Politicized NMB Investigates Union Elections
Originally posted at WorkerFreedom.org
The National Mediation Board’s (NMB) assault on Delta Airlines has added another front. The NMB, which has already taken heat for its for its pro-union tilt, announced that it would expand its probes into several recent representation elections involving Delta employees.
Back on June 1, the NMB indicated that the agency would begin a probe into alleged interference during a November 2010 union election involving Delta and 20,000 of the airline’s flight attendants. The notice followed an appeal from the Association of Flight Attendants (AFA), who had lost that election 53%-44%. It was the third such lost election for AFA since 2008.
Fast forward a week and NMB has now decided to follow up with new probes in response to similar claims, this time made by the International Association of Machinists (IAM). The three elections in question also ran late last year and were focused on the representation of Delta’s baggage handlers, customer service agents, and stock clerks. Just like AFA, IAM lost all three elections, not by particularly close margins.
Despite repeated rejection, AFA and IAM are unwilling to quit. Realizing that the merit of their argument was not enough to convince workers to unionize, the unions asked their friends at the NMB for help—two of the three NMB board members are former union officials.
Current NMB Member Linda Puchala served as International President of AFA. Chairman Harry Hoglander has also worked extensively in the trenches of air industry labor organization. These two alone have the power to issue decisions singlehandedly, as they so capably demonstrated by leaving then-Chairman Elizabeth Dougherty entirely out of past negotiations. How impartial Ms. Puchala and Mr. Hoglander can remain in their investigation of Delta is certainly in question.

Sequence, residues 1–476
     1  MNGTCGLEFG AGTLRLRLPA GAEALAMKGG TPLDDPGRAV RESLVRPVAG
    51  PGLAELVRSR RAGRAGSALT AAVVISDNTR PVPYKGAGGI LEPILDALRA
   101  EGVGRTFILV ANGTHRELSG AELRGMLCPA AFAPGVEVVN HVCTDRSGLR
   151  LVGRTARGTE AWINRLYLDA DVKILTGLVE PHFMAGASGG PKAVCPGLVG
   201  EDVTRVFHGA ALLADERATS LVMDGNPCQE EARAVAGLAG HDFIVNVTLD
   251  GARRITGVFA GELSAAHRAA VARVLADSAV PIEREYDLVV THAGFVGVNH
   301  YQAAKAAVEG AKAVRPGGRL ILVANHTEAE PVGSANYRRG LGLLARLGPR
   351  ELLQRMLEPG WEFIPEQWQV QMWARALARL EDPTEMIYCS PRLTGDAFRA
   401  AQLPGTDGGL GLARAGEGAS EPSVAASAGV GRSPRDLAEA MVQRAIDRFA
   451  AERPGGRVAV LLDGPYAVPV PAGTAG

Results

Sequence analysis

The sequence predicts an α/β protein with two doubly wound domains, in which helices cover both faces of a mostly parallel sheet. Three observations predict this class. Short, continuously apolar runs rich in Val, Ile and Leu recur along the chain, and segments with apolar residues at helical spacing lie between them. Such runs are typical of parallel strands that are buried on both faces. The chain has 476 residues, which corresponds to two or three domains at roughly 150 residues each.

Big Labor’s motivation in continuing this fight is not hard to figure out: representation of Delta’s employees would be an absolute cash cow for the unions. The combination of the several groups of Delta employees voting on representation at the end of last year was the largest attempt at representation at a U.S. company since 1941. The 50,000 new union members potentially gained, willing or not, would mean 50,000 more dues paying members and a stranglehold on the world’s largest airline. The motivations are money and power, pure and simple.